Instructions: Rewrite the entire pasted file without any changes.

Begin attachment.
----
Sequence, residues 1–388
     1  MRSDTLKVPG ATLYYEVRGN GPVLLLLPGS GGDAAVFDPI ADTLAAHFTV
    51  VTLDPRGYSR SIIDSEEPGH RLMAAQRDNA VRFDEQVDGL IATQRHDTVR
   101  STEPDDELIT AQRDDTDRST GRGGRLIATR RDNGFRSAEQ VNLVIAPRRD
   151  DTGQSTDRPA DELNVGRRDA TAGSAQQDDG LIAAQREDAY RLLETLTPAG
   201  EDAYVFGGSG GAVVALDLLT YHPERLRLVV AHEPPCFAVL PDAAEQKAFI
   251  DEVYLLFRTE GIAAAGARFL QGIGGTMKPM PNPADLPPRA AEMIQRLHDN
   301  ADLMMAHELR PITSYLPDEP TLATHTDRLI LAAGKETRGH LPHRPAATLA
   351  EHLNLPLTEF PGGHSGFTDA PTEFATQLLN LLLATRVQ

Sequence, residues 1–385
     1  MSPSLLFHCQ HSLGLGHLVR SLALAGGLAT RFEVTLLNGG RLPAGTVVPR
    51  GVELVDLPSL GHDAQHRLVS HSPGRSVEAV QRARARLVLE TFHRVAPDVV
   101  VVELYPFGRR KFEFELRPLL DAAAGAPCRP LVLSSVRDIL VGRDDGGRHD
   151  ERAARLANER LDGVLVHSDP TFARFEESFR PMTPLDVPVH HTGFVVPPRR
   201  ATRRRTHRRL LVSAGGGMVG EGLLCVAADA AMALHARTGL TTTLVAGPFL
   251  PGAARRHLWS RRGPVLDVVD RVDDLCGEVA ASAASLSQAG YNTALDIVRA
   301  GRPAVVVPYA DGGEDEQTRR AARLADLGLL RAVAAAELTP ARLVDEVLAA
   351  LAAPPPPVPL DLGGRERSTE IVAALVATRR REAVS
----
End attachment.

Sequence, residues 1–388
     1  MRSDTLKVPG ATLYYEVRGN GPVLLLLPGS GGDAAVFDPI ADTLAAHFTV
    51  VTLDPRGYSR SIIDSEEPGH RLMAAQRDNA VRFDEQVDGL IATQRHDTVR
   101  STEPDDELIT AQRDDTDRST GRGGRLIATR RDNGFRSAEQ VNLVIAPRRD
   151  DTGQSTDRPA DELNVGRRDA TAGSAQQDDG LIAAQREDAY RLLETLTPAG
   201  EDAYVFGGSG GAVVALDLLT YHPERLRLVV AHEPPCFAVL PDAAEQKAFI
   251  DEVYLLFRTE GIAAAGARFL QGIGGTMKPM PNPADLPPRA AEMIQRLHDN
   301  ADLMMAHELR PITSYLPDEP TLATHTDRLI LAAGKETRGH LPHRPAATLA
   351  EHLNLPLTEF PGGHSGFTDA PTEFATQLLN LLLATRVQ

Sequence, residues 1–385
     1  MSPSLLFHCQ HSLGLGHLVR SLALAGGLAT RFEVTLLNGG RLPAGTVVPR
    51  GVELVDLPSL GHDAQHRLVS HSPGRSVEAV QRARARLVLE TFHRVAPDVV
   101  VVELYPFGRR KFEFELRPLL DAAAGAPCRP LVLSSVRDIL VGRDDGGRHD
   151  ERAARLANER LDGVLVHSDP TFARFEESFR PMTPLDVPVH HTGFVVPPRR
   201  ATRRRTHRRL LVSAGGGMVG EGLLCVAADA AMALHARTGL TTTLVAGPFL
   251  PGAARRHLWS RRGPVLDVVD RVDDLCGEVA ASAASLSQAG YNTALDIVRA
   301  GRPAVVVPYA DGGEDEQTRR AARLADLGLL RAVAAAELTP ARLVDEVLAA
   351  LAAPPPPVPL DLGGRERSTE IVAALVATRR REAVS